Yesterday, August 27, was the Feast of St. Monica. St. Monica was the mother of St. Augustine, whose feast would be celebrated by the Church today if this were not a Sunday. St. Augustine grew up with the wonderful example of his mother and her deep faith in God. He also had a father who was a pagan. Augustine followed in the ways of his father and wanted nothing to do with Christianity and the faith of his mother. Augustine chose a way of life that was selfish and filled with sinful habits and choices. He lived with a woman for several years and had a son with her. Even then he did not marry her. Augustine had a brilliant mind and received a great education. His mother made sure he received a Christian education, but at the age of nineteen he rejected this part of his education. He was well schooled in philosophy and rhetoric and eventually went to Rome to teach. After a while in Rome, he took a position teaching rhetoric in Milan, and it was in Milan that he came to hear the preaching of St. Ambrose who eventually baptized Augustine.
After his baptism Augustine continued to study the scriptures and theology and became one of the great writers and teachers of the Christian Faith. Throughout his live his mother Monica prayed for him that he would turn to God and be baptized. After some 20 years of praying for her son, her prayers were finally answered.
The faith of St. Monica and her example of steadfast prayer is a fitting example to all of us and specially to parents whose children abandon or reject the Catholic Faith for a variety of reasons. Most of the time it seems to center on the example of the world we live in. Our world is filled with secularism and relativism. I called it a “Burger King world” because so many people want things their way no matter what anyone says even God Himself. Many people think they can decide who lives and dies (abortion and assisted suicide), who can marry whom (same sex marriage), what is right and wrong in any issue at all. It seems that what the individual thinks is all that matters. Pope Emeritus Benedict XVI called it the dictatorship of relativism and that is what we are living under at the present time.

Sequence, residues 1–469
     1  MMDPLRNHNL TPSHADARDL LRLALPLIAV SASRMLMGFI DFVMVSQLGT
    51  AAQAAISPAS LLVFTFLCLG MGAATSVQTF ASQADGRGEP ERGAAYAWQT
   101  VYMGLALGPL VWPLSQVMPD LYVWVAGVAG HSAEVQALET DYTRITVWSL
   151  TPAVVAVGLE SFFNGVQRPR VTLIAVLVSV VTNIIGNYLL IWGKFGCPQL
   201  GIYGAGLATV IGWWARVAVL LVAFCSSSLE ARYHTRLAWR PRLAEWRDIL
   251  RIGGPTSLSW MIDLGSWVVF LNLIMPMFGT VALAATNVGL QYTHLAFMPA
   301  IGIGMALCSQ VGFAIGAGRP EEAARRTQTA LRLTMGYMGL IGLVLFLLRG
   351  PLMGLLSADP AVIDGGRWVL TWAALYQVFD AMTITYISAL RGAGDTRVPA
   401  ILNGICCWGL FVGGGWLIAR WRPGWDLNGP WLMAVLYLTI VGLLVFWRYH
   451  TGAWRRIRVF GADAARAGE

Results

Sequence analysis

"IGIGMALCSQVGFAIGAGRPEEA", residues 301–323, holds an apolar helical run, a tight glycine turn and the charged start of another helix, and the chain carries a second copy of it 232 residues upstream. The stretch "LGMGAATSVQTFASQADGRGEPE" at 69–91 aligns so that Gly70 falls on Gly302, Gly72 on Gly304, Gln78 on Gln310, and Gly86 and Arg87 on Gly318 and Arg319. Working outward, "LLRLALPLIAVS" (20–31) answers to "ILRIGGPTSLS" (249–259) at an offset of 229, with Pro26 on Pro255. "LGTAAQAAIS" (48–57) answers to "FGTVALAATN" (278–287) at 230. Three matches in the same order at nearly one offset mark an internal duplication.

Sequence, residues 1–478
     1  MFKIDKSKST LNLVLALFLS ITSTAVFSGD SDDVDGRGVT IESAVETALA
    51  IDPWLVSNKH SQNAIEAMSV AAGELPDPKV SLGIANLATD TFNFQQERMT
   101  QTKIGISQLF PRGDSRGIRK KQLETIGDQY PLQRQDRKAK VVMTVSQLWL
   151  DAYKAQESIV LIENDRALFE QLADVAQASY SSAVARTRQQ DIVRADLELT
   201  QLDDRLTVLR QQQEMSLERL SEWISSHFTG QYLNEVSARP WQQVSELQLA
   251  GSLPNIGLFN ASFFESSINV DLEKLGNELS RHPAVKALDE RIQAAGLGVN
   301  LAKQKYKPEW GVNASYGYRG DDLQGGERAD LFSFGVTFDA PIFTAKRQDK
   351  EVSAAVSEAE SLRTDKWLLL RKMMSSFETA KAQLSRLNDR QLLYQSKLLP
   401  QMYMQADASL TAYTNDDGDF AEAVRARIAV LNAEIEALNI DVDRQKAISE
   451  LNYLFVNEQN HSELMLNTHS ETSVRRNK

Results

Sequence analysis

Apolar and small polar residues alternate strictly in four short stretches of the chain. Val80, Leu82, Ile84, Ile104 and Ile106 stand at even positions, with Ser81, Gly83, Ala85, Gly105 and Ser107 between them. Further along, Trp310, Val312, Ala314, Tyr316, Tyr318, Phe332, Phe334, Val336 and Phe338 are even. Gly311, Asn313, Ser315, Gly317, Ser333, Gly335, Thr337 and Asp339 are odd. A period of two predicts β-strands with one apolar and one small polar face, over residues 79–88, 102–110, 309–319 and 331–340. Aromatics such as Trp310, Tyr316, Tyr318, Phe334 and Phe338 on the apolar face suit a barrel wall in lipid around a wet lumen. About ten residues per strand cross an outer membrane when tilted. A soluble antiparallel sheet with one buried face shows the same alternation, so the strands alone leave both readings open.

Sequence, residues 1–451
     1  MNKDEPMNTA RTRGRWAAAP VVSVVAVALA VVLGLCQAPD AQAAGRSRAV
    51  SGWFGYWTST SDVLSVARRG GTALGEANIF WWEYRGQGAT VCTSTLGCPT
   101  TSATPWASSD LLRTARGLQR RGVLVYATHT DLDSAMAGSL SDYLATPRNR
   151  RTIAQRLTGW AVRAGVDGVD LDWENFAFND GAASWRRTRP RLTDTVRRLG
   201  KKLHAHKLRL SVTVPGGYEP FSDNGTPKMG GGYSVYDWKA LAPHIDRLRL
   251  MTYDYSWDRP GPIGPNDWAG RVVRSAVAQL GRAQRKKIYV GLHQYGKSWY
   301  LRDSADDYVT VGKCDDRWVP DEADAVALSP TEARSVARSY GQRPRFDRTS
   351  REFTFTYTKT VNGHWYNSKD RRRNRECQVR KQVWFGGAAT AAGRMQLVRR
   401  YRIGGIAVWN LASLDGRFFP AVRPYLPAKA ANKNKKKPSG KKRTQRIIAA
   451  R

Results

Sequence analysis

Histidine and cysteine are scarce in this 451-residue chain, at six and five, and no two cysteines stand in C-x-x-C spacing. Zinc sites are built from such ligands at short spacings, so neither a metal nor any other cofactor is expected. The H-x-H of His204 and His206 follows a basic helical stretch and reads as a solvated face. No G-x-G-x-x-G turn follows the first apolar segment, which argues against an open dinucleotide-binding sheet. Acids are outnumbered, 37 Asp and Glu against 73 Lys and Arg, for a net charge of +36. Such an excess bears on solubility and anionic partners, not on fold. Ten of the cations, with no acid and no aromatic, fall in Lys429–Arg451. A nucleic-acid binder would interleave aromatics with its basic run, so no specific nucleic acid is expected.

There are many parents of adult children who feel very much like St. Monica and pray for years and years that their children would return to the Church. Many times, they blame themselves for their children wandering away from the Church. In most case it is not their fault at all; they did the best that they could. We must remember that as our children get older the influences of the world and their peers grows stronger. These are not always good influences especially when it concerns faith and religion. When they go off to college, they encounter certain teachers that are very much opposed to religion and God and this thinking becomes very much a part of the classroom experience. These are the very same influences that St. Augustine encountered in his life. His mother’s example and pleading were not enough, but because of her prayers her son encountered St. Ambrose, the bishop of Milan, and it was Ambrose and his preaching that finally got through to Augustine.
I often tell parents something I heard a long time ago concerning children who have left the faith; it is better to pray for someone to come into their life that will lead them back to the Church than to pray for the words that will help you to convince them to return. Often one returns to the Church because of the influence of someone they meet and not so much because they decided to listen to their parents. Pray that God will send someone to help your adult children return to the Church just like God sent St. Ambrose into the life of St. Augustine.